Congratulations to the Peace Corps for the highest number of volunteers in 30 years with 7,810 volunteers serving in 71 posts across the globe. Of course, the President's proposal to double the Peace Corps to 15,000 volunteers made in his State of the Union Address in 2002 is now a long forgotten dream. With deficits in federal spending stretching far off into the future, any substantive increase in the number of volunteers will have to wait for new approaches to funding and for a new administration. Choose your candidate and start working for him or her now.

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Military Option sparks concerns Date: September 13 2005 No: 731 Military Option sparks concerns
The U.S. military is allowing recruits to meet part of their reserve military obligations after active duty by serving in the Peace Corps. Read why there is opposition to the program among RPCVs. Director Vasquez says the agency has a long history of accepting qualified applicants who are in inactive military status. John Coyne says "Not only no, but hell no!" and RPCV Chris Matthews leads the debate on "Hardball." Avi Spiegel says Peace Corps is not the place for soldiers while Coleman McCarthy says to Welcome Soldiers to the Peace Corps. Read the results of our poll among RPCVs. Latest: Congressman John Kline introduces legislation to alter the program to remove the Peace Corps as an option for completing an individual’s military enlistment requirement.

Why blurring the lines puts PCVs in danger Date: October 22 2005 No: 738 Why blurring the lines puts PCVs in danger
When the National Call to Service legislation was amended to include Peace Corps in December of 2002, this country had not yet invaded Iraq and was not in prolonged military engagement in the Middle East, as it is now. Read the story of how one volunteer spent three years in captivity from 1976 to 1980 as the hostage of a insurrection group in Colombia in Joanne Marie Roll's op-ed on why this legislation may put soldier/PCVs in the same kind of danger. Latest: Read the ongoing dialog on the subject.

'Celebration of Service' a major success Date: October 10 2005 No: 730 'Celebration of Service' a major success
The Peace Corps Fund's 'Celebration of Service' on September 29 in New York City was a major success raising approximately $100,000 for third goal activities. In the photo are Maureen Orth (Colombia); John Coyne (Ethiopia) Co-founder of the Peace Corps Fund; Caroline Kennedy; Barbara Anne Ferris (Morocco) Co-founder; Former Senator Harris Wofford, member of the Advisory Board. Read the story here.

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The District Commissioner for the Kasama District in Zambia issued a statement banning Peace Corps activities for ‘grave’ social misconduct and unruly behavior for an incident that occurred on September 24 involving 13 PCVs. Peace Corps said that some of the information put out about the incident was "inflammatory and false." On October 12, Country Director Davy Morris met with community leaders and apologized for the incident. All PCVs involved have been reprimanded, three are returning home, and a ban in the district has since been lifted.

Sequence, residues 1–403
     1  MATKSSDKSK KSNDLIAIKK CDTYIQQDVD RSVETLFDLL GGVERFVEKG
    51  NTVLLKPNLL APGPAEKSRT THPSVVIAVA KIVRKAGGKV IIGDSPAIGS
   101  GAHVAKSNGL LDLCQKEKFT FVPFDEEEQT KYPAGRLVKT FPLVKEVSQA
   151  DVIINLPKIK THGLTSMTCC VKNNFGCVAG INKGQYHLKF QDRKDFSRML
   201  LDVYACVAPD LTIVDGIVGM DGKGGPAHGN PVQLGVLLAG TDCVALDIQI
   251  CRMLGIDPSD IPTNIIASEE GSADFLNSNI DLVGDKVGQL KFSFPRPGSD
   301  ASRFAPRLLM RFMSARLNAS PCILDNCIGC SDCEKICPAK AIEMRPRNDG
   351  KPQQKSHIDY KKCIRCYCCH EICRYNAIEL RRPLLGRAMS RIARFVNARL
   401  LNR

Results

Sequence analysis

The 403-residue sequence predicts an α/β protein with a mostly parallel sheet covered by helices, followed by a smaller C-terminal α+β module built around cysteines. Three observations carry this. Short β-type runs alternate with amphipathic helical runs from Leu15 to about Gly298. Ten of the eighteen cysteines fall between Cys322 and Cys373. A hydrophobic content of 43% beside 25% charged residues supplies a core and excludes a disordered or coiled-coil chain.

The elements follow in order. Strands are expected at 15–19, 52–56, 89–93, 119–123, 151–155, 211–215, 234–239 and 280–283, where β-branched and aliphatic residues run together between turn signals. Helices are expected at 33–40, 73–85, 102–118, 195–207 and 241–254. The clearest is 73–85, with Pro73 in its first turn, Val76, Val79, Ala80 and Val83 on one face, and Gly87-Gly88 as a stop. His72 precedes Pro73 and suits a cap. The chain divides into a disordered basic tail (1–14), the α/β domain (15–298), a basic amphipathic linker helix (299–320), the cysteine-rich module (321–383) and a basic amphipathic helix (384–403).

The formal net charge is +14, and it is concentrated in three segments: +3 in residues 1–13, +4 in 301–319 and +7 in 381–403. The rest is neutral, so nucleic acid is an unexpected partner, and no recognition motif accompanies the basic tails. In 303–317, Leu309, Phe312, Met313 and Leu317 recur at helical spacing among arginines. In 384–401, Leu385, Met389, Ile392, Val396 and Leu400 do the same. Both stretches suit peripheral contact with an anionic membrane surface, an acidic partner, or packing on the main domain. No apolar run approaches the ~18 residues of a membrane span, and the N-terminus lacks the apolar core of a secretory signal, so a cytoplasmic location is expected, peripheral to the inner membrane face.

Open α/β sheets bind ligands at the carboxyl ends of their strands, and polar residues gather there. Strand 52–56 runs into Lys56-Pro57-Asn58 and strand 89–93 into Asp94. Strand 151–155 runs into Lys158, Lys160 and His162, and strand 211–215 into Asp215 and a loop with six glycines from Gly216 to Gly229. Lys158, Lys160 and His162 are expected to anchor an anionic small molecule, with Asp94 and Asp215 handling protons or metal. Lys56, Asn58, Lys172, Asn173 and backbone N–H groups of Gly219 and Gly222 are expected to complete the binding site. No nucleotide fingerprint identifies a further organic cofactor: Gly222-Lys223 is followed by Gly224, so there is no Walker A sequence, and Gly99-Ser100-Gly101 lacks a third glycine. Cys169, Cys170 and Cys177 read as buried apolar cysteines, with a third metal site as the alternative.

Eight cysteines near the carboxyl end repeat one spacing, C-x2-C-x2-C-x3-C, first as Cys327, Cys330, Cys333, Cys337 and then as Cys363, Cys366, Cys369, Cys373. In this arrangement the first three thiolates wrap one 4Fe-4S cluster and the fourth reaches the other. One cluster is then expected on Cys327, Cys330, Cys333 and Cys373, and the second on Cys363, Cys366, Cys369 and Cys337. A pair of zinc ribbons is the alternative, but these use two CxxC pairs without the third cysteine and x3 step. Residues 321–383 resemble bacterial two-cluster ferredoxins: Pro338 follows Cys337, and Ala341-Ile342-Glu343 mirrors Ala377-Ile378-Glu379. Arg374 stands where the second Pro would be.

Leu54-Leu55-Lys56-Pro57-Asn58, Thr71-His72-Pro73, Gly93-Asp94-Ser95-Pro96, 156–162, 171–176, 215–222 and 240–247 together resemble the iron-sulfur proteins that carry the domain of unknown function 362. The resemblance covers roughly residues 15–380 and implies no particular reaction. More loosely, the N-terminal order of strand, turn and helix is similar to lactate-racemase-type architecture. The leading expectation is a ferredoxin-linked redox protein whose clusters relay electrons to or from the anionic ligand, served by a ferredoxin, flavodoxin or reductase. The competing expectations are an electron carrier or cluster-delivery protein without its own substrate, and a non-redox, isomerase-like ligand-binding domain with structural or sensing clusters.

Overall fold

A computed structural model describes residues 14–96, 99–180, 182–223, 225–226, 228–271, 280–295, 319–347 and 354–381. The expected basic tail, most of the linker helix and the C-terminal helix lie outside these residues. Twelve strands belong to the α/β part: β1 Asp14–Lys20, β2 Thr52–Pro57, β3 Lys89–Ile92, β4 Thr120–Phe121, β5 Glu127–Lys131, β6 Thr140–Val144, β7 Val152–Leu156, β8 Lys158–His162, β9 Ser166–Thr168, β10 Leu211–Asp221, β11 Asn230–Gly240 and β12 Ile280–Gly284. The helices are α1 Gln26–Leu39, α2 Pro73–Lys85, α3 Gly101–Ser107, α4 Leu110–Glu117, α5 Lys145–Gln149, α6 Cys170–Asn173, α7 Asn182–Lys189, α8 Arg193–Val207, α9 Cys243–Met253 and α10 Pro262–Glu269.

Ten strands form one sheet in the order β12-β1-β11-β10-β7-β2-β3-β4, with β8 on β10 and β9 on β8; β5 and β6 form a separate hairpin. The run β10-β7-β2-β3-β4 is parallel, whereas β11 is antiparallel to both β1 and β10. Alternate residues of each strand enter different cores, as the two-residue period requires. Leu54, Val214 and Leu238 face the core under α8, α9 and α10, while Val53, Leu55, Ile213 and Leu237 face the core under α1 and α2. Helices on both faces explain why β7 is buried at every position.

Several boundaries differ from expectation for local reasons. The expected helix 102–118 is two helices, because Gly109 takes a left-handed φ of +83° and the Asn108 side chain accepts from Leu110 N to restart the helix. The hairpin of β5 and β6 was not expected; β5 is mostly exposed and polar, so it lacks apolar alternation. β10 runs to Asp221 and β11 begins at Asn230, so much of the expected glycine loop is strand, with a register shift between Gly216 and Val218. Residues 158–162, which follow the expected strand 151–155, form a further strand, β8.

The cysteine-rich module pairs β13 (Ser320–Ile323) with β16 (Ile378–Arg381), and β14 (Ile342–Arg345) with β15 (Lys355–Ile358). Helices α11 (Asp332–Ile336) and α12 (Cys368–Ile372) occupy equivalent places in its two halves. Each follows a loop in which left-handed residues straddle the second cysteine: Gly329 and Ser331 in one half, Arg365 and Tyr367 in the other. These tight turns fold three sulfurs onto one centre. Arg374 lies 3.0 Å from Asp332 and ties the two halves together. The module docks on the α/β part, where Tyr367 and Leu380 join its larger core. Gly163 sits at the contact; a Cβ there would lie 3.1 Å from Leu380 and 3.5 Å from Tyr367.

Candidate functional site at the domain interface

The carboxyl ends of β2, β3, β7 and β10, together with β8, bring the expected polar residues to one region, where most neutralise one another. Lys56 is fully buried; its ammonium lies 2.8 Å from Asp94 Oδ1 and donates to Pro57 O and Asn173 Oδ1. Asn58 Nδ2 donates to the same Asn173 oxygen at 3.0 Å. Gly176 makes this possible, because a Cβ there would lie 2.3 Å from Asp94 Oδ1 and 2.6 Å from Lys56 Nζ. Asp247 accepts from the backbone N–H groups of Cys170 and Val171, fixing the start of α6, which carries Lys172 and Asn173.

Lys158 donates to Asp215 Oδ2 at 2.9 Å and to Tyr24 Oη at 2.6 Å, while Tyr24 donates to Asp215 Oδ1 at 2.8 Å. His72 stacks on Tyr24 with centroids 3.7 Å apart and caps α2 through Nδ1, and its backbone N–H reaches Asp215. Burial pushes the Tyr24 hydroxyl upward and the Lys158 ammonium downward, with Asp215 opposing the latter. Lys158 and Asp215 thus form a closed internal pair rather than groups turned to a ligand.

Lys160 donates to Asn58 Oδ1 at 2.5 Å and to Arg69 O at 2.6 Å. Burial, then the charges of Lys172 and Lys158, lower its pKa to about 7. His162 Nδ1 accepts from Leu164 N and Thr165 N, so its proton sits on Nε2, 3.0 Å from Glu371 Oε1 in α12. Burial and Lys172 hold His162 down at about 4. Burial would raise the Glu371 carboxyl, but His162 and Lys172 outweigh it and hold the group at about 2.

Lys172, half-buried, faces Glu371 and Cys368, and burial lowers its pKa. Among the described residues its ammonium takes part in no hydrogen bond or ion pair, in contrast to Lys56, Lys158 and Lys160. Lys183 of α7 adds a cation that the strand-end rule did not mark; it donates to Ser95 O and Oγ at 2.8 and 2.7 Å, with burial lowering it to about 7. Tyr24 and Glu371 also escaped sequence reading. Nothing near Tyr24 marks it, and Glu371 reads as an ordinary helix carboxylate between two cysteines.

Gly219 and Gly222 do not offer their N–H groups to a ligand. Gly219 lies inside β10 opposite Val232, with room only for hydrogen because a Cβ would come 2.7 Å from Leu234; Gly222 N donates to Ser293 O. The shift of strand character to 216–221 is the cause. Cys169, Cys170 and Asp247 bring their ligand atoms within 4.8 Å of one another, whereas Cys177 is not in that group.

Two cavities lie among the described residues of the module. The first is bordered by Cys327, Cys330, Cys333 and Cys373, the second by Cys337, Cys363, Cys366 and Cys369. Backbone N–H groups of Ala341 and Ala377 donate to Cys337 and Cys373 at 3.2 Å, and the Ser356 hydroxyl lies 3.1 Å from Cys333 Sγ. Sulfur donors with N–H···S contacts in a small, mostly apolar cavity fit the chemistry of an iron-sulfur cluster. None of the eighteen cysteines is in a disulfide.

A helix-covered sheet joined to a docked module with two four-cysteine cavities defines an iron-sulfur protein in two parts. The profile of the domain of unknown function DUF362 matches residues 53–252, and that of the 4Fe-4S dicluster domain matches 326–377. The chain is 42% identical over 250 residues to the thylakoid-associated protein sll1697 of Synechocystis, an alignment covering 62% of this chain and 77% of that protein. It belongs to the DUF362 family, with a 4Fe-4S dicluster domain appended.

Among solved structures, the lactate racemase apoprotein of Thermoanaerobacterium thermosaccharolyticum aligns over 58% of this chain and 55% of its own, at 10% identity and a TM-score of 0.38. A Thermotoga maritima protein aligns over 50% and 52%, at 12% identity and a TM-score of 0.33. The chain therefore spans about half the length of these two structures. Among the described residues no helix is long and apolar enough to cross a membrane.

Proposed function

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Report of PCV Misconduct in Zambia 7 Oct
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Mike Honda speaks out on Katrina 5 Oct
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John McCain's call to service 3 Oct
Joshua Berman wins Lowell Thomas Travel Writing Award 2 Oct
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Returned Volunteers respond to Hurricane Katrina Date: September 12 2005 No: 729 Returned Volunteers respond to Hurricane Katrina
First and foremost, Give. Then volunteer with the Crisis Corps. Carol Bellamy says "In situations such as this one, money is needed the most" and added that Hurricane Katrina's impact on New Orleans is comparable to last year's tsunami. Thailand RPCV Thomas Tighe's Direct Relief International has committed an initial $250,000 in cash to assist hurricane victims. Mayor Tom Murphy (RPCV Paraguay) says Pittsburgh is ready to embrace refugees from devastated areas. Brazil RPCV Robert Backus is among the first Vermont doctors to volunteer to travel to Louisiana to treat victims. Latest: FEMA requests RPCVs to assist in recovery efforts through the Crisis Corps and the Peace Corps hopes to send 400 RPCVs to the Gulf Coast for short term assignments to assist victims with their applications for federal aid.

The Peace Corps Library Date: March 27 2005 No: 536 The Peace Corps Library
Peace Corps Online is proud to announce that the Peace Corps Library is now available online. With over 30,000 index entries in 500 categories, this is the largest collection of Peace Corps related stories in the world. From Acting to Zucchini, you can find hundreds of stories about what RPCVs with your same interests or from your Country of Service are doing today. If you have a web site, support the "Peace Corps Library" and link to it today.

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170,000 is a very special number for the RPCV community - it's the number of Volunteers who have served in the Peace Corps since 1961. It's also a number that is very special to us because March is the first month since our founding in January, 2001 that our readership has exceeded 170,000. And while we know that not everyone who comes to this site is an RPCV, they are all "Friends of the Peace Corps." Thanks everybody for making PCOL your source of news for the Returned Volunteer community.

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Story Source: Arizona Republic